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Hidden Realities of Infant Feeding: Systematic Review of Qualitative Findings from Parents

Nestlé Nutrition, Avenue Nestle, 55 CH-1800 Vevey, Switzerland
Children’s Institute University of São Paulo, Rua Tremembé, São Paulo-SP 01256-010, Brazil
School of Medicine, University of Dundee, Dundee DD5 1JG, UK
School of Public Health, Peking University Health Science Center, Xueyuan Road No. 38., Beijing 100191, China
Author to whom correspondence should be addressed.
Behav. Sci. 2020, 10(5), 83;
Submission received: 25 March 2020 / Revised: 21 April 2020 / Accepted: 23 April 2020 / Published: 27 April 2020


A growing, global conversation, regarding realities and challenges that parents experience today is ever-present. To understand recent parent’s attitudes, beliefs, and perceptions regarding infant feeding, we sought to systematically identify and synthesize original qualitative research findings. Following the Enhancing Transparency in Reporting the Synthesis of Qualitative Research (ENTREQ) framework, electronic databases were searched with a priori terms applied to title/abstract fields and limited to studies published in English from 2015 to 2019, inclusive. Study quality assessment was conducted using the Critical Appraisal Skills Programme (CASP) checklist, and thematic analyses performed. Of 73 studies meeting inclusion criteria, four major themes emerged. (1) Breastfeeding is best for an infant; (2) Distinct attitudes, beliefs, and perceptions of mothers that breastfeed, and those that could not or chose not to breastfeed, are evident; (3) Infant feeding behaviors are influenced by the socio-cultural environment of the family, and (4) Parent’s expectations of education and support addressing personal infant feeding choices from health care providers are not always met. This systematic review, guided by constructs within behavioral models and theories, provides updated findings to help inform the development of nutrition education curricula and public policy programs. Results can be applied within scale-up nutrition and behavioral education interventions that support parents during infant feeding.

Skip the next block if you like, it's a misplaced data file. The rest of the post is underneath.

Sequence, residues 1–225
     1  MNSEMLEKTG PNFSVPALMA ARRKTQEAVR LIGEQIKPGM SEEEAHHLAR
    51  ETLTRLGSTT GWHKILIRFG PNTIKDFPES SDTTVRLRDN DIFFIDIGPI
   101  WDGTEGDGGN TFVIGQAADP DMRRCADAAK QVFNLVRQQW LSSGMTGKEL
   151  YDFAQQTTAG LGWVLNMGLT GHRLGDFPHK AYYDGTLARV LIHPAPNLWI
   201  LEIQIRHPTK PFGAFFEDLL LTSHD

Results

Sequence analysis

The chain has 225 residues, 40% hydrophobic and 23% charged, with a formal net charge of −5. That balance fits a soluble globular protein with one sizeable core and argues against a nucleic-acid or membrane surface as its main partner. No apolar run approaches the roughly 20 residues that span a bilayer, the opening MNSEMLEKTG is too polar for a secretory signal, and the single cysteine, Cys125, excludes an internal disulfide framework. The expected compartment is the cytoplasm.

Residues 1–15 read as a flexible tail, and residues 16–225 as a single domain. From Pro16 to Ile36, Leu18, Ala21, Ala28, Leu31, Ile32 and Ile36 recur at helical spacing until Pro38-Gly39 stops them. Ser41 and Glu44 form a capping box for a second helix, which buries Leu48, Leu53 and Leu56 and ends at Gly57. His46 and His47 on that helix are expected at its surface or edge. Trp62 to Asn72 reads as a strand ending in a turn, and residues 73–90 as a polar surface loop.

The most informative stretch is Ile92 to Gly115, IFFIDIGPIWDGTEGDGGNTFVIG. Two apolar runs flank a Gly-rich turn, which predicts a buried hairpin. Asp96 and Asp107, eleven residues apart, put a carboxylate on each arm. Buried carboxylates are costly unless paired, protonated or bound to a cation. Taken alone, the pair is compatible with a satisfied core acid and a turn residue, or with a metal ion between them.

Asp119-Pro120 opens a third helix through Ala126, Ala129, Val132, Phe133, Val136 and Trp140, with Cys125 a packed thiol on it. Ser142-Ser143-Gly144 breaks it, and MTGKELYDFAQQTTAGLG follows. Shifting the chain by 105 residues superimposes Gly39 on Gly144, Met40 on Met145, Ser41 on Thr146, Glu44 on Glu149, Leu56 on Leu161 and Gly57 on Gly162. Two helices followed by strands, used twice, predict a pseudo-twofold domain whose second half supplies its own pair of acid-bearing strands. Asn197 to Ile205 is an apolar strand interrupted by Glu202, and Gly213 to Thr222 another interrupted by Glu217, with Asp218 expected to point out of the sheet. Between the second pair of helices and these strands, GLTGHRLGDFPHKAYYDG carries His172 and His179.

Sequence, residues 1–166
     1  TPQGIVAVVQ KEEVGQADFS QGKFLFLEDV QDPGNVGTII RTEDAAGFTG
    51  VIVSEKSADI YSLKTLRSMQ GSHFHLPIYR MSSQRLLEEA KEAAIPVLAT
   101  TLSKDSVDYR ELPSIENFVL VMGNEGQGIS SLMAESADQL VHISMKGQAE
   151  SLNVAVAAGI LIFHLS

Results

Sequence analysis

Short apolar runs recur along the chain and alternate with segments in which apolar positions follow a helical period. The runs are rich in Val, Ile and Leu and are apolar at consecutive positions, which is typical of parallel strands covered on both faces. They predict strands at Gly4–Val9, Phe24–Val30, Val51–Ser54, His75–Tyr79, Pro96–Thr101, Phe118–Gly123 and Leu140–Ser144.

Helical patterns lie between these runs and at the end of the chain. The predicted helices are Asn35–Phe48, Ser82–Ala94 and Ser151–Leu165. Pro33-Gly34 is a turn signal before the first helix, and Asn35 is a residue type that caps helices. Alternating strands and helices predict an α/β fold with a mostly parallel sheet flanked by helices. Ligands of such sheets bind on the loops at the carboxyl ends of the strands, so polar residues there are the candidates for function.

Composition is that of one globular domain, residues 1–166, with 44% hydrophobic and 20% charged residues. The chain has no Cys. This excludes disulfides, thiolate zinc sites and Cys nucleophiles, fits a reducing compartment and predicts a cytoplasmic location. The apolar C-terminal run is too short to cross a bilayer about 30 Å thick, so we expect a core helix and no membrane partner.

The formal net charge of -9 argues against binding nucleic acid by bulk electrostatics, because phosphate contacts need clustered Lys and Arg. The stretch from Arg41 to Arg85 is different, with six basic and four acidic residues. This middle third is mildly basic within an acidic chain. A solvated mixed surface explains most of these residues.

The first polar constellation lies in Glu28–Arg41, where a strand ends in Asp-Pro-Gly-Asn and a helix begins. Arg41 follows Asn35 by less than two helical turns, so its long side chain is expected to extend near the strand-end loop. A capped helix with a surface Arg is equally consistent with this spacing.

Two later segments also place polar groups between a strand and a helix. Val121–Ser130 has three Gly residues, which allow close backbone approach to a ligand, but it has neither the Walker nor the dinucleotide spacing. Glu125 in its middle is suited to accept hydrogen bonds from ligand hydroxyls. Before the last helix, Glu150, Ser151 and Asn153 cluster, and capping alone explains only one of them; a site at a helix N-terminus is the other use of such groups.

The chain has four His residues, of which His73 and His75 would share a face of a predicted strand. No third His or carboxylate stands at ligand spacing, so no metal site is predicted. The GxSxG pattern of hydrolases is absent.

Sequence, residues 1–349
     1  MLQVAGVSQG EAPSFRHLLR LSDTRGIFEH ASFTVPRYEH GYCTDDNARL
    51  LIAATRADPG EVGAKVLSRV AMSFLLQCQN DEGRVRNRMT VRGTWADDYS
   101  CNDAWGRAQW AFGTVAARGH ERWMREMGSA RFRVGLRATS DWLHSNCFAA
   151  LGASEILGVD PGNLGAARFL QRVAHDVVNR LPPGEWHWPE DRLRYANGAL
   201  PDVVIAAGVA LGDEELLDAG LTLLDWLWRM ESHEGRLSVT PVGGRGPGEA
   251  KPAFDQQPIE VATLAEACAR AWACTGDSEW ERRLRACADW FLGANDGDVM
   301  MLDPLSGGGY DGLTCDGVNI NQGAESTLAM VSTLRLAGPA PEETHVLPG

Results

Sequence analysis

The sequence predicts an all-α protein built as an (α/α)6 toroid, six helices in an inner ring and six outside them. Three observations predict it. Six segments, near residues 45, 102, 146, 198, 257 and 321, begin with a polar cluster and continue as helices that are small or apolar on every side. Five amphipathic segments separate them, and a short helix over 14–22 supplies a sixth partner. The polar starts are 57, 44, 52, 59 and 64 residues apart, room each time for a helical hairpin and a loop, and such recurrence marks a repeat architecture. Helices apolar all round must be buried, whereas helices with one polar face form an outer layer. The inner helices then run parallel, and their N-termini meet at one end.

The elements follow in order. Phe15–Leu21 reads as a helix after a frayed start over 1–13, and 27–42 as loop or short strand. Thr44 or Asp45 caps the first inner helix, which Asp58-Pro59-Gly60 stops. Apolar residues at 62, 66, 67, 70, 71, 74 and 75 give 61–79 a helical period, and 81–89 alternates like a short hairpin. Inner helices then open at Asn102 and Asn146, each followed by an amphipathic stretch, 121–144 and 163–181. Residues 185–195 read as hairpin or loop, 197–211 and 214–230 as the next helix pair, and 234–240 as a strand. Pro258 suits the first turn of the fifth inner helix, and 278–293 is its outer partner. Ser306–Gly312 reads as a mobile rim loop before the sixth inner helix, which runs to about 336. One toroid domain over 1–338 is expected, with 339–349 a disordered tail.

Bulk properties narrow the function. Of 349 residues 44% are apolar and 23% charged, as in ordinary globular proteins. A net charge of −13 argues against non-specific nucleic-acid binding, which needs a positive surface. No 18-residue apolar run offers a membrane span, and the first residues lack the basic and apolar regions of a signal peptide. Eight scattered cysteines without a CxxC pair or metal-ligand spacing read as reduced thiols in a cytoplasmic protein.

1. Introduction

Nutrition during the first 1000 days, spanning from conception to age 24 months, has critical influence on the immediate and long-term physical and cognitive development of infants. The period from birth through the first 12 months characterizes a unique time when parents or caregivers make essentially all feeding decisions about what and how their infant is offered food [1]. Although the definition of a modern family is changing [2], parents are currently described as the main caregivers of children in the home [3] and infant feeding is a large component of that care that encompasses the social, cultural, and economic structure of a parent’s life [4].
Significant progress with improved infant feeding and nutrition has been realized through nutrition education efforts, yet childhood growth faltering as evident by the number of children at both the lower and upper percentiles of the World Health Organization growth standards remains a significant public health concern across the globe [5]. Breastfeeding rates are below global targets [6], particularly in high-income countries [7], and assessment of parental complementary feeding behaviors has identified room for improvement from all regions studied [8,9,10]. Understanding the current modifiable determinants influencing today’s parents feeding choices and behaviors is essential in providing support and education.